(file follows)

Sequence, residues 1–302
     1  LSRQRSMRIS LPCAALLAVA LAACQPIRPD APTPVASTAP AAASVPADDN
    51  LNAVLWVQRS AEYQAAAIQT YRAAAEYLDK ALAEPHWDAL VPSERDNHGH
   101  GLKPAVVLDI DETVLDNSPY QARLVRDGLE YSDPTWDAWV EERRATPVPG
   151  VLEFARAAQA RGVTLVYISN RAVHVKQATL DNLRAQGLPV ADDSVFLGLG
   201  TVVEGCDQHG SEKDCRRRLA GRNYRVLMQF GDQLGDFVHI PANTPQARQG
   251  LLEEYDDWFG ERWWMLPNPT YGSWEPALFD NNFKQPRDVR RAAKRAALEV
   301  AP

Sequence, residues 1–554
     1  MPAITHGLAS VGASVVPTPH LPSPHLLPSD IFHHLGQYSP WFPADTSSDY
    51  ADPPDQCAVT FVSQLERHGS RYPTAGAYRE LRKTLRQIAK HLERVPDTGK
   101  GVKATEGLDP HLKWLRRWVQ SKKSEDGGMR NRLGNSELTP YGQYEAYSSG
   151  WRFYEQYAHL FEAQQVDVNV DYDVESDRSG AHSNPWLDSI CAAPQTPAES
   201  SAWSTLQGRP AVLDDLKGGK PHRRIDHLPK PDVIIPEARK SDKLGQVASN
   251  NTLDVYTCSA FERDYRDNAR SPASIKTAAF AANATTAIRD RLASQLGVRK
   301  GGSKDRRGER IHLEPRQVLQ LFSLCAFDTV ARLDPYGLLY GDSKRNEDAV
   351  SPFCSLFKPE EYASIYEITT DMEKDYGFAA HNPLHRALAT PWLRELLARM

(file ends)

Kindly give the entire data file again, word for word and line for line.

Sequence, residues 1–302
     1  LSRQRSMRIS LPCAALLAVA LAACQPIRPD APTPVASTAP AAASVPADDN
    51  LNAVLWVQRS AEYQAAAIQT YRAAAEYLDK ALAEPHWDAL VPSERDNHGH
   101  GLKPAVVLDI DETVLDNSPY QARLVRDGLE YSDPTWDAWV EERRATPVPG
   151  VLEFARAAQA RGVTLVYISN RAVHVKQATL DNLRAQGLPV ADDSVFLGLG
   201  TVVEGCDQHG SEKDCRRRLA GRNYRVLMQF GDQLGDFVHI PANTPQARQG
   251  LLEEYDDWFG ERWWMLPNPT YGSWEPALFD NNFKQPRDVR RAAKRAALEV
   301  AP

Sequence, residues 1–554
     1  MPAITHGLAS VGASVVPTPH LPSPHLLPSD IFHHLGQYSP WFPADTSSDY
    51  ADPPDQCAVT FVSQLERHGS RYPTAGAYRE LRKTLRQIAK HLERVPDTGK
   101  GVKATEGLDP HLKWLRRWVQ SKKSEDGGMR NRLGNSELTP YGQYEAYSSG
   151  WRFYEQYAHL FEAQQVDVNV DYDVESDRSG AHSNPWLDSI CAAPQTPAES
   201  SAWSTLQGRP AVLDDLKGGK PHRRIDHLPK PDVIIPEARK SDKLGQVASN
   251  NTLDVYTCSA FERDYRDNAR SPASIKTAAF AANATTAIRD RLASQLGVRK
   301  GGSKDRRGER IHLEPRQVLQ LFSLCAFDTV ARLDPYGLLY GDSKRNEDAV
   351  SPFCSLFKPE EYASIYEITT DMEKDYGFAA HNPLHRALAT PWLRELLARM